Microprocessor giant Intel, which employs around 4,000 people in Ireland, has reported a staggering 89pc increase in first quarter profits, which it attributes to a recovery in computer spending worldwide. Intel also said it expects the current quarter’s (Q2) revenues to be between US$7.6bn and US$8.2bn.
For the three months ended 27 March, Intel reported a profit of US$1.73bn, or 26 cents per share, compared with a profit of US$915m, or 14 cents per share, in the same period a year ago.
First-quarter sales rose to US$8.09bn, compared with US$6.75bn in the first quarter of 2003.
The results include a 1.7 cent-per-share charge from Intel’s US$225m payment to Intergraph to settle a long-running patent dispute.
“Intel’s first quarter results showed healthy growth in both revenue and earnings compared to a year ago, led by improvement in worldwide IT spending,” said Craig Barrett, Intel’s chief executive officer.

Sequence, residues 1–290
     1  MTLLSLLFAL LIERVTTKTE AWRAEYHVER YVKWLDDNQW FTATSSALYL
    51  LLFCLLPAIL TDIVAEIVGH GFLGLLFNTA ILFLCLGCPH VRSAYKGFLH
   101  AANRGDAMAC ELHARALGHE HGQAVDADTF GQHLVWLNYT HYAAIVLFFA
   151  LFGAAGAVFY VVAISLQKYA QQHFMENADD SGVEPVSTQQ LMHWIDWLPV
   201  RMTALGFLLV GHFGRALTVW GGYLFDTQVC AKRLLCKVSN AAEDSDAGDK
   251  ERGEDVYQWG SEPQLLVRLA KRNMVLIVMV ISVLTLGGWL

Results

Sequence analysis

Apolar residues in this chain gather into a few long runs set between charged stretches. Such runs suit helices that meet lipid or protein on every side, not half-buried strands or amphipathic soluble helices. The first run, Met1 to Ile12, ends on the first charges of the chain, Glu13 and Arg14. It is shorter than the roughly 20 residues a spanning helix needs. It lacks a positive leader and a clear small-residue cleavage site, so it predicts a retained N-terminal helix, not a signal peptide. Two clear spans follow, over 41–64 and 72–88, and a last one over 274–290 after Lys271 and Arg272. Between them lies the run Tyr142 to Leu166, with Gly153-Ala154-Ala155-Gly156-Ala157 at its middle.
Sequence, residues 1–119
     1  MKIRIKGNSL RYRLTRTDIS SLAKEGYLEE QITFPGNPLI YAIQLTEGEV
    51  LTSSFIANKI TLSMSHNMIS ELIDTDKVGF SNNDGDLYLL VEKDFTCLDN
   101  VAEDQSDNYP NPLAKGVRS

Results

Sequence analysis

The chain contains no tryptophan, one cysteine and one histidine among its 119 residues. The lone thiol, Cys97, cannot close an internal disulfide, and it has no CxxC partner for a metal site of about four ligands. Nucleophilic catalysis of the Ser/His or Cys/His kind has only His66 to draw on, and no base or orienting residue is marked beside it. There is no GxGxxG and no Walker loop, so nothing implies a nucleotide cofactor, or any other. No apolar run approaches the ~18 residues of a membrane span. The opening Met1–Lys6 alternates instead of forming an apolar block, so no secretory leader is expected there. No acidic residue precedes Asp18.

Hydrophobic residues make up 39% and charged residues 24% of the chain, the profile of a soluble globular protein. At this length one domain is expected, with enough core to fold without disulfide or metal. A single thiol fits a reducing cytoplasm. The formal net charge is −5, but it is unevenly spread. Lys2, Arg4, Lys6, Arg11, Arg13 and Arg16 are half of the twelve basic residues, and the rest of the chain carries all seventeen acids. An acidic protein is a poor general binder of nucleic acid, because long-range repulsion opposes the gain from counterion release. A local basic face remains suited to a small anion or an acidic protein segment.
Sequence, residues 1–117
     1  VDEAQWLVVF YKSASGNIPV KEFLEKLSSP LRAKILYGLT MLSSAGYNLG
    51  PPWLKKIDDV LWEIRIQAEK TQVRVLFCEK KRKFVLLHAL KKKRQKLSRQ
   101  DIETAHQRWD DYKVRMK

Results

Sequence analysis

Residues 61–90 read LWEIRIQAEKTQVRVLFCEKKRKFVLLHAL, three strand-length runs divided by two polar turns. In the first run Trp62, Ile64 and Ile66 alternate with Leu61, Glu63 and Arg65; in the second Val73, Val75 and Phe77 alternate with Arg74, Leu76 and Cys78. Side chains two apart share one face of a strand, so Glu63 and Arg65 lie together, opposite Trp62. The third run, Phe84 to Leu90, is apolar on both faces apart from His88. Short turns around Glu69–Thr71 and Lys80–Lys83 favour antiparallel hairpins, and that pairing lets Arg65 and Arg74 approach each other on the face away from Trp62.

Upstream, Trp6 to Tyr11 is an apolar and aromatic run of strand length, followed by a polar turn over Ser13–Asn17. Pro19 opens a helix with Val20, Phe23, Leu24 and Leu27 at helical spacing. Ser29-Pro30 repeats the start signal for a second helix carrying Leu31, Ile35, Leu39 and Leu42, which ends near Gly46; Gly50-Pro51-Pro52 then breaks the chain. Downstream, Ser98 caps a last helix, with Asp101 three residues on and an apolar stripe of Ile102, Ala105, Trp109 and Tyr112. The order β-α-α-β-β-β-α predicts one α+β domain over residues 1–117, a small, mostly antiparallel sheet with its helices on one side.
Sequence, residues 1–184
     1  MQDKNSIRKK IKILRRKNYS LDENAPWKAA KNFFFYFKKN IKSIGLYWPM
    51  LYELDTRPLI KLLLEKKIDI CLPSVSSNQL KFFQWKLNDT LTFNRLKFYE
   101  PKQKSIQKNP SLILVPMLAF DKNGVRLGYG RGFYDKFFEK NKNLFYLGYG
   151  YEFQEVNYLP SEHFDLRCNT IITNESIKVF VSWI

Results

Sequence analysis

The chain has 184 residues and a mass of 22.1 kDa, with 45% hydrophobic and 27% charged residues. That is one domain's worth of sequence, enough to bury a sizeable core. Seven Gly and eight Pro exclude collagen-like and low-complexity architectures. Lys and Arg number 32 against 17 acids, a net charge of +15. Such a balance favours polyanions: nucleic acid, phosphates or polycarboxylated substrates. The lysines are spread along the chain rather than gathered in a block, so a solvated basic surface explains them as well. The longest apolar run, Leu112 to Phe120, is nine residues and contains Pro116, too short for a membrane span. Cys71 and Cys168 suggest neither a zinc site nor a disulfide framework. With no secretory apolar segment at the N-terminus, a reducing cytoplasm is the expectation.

While Intel’s first-quarter profit matched analyst expectations, its mid-point revenue forecast for the second quarter fell below Wall Street average estimates. Intel also said profit margins in the quarter will be hurt by both lower revenue and increased spending on new chip-making technology.
The results nevertheless come as a pleasant surprise to Intel, during what is historically one of the weaker quarters in the semiconductor calendar. The company said shipments of microprocessors declined over the fourth quarter, as did chipsets and motherboards. Processors, however, had a slightly higher average selling price.
Intel said shipments of flash memory, used in cell phones, improved over the fourth quarter. The company’s communications group posted sales of US$1.07bn in the first quarter, compared with US$1.04bn in the fourth, though the operating loss increased to US$219m.
Intel is currently ramping up production of its latest Pentium 4 chip, which was released in early February. It also is updating its Xeon server processors to support 64-bit memory extensions to better compete with Advanced Micro Devices Inc.’s 64-bit Opteron processors.
By John Kennedy